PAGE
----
When did Juneteenth become a federal holiday?
“Juneteenth, also known as Freedom Day or Emancipation Day, is a holiday commemorating the end of slavery in the United States. On June 19, 1865, Union soldiers arrived in Galveston, Texas, to announce that the Civil War had ended, and all enslaved people were to be freed. This announcement came more than two years after President Abraham Lincoln’s Emancipation Proclamation had become official. The news sparked celebrations across Texas and later became an annual tradition in African American communities throughout the country.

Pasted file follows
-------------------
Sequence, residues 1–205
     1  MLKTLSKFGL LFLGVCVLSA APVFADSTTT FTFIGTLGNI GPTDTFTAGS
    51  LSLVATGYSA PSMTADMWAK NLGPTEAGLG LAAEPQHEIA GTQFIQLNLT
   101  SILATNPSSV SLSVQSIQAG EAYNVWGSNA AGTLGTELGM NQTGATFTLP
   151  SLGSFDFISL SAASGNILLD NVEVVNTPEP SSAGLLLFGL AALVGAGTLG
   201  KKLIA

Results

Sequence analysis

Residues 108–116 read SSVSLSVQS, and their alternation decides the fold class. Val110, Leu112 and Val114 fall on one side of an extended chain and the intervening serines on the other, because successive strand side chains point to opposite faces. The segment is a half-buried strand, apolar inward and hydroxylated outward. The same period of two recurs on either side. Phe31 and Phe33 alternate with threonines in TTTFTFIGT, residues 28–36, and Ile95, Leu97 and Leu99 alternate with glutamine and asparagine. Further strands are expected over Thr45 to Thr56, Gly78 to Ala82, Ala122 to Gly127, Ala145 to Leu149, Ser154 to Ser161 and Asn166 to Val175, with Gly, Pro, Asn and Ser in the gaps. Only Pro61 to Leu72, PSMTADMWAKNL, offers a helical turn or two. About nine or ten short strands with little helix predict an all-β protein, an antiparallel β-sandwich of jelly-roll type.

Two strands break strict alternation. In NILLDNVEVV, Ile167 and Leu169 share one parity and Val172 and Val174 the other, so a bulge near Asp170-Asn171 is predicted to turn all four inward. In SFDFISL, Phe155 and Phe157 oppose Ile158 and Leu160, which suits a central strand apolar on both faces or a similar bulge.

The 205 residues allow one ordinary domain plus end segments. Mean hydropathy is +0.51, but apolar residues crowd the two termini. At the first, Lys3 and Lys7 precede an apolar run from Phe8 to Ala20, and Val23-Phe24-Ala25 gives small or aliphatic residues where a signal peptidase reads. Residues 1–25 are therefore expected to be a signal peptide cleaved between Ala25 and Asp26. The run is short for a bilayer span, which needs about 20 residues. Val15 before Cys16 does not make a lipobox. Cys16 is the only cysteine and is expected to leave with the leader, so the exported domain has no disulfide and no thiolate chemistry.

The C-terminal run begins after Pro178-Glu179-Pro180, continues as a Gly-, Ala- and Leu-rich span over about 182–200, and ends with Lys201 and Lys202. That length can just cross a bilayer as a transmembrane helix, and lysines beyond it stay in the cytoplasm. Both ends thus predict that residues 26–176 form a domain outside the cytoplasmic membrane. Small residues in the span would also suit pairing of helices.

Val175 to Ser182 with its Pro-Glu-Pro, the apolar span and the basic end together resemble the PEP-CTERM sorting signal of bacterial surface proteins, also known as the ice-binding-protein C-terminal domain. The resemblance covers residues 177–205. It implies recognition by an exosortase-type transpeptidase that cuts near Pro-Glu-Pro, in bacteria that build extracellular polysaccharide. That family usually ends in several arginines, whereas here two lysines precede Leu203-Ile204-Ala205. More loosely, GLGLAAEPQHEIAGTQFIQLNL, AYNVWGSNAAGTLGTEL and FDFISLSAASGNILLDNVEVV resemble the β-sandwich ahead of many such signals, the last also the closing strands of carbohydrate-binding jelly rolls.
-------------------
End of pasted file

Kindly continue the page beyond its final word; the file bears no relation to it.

In recent years, there has been a growing push to recognize Juneteenth as a national holiday. On June 17, 2021, President Joe Biden signed into law the Juneteenth National Independence Day Act, making Juneteenth a federal holiday. The legislation passed overwhelmingly in both the House of Representatives and the Senate, with strong bipartisan support. The federal recognition of Juneteenth is seen as a significant milestone in the ongoing struggle for racial justice and equality in the United States, as it acknowledges the historical significance of the end of slavery and the ongoing struggle for civil rights.”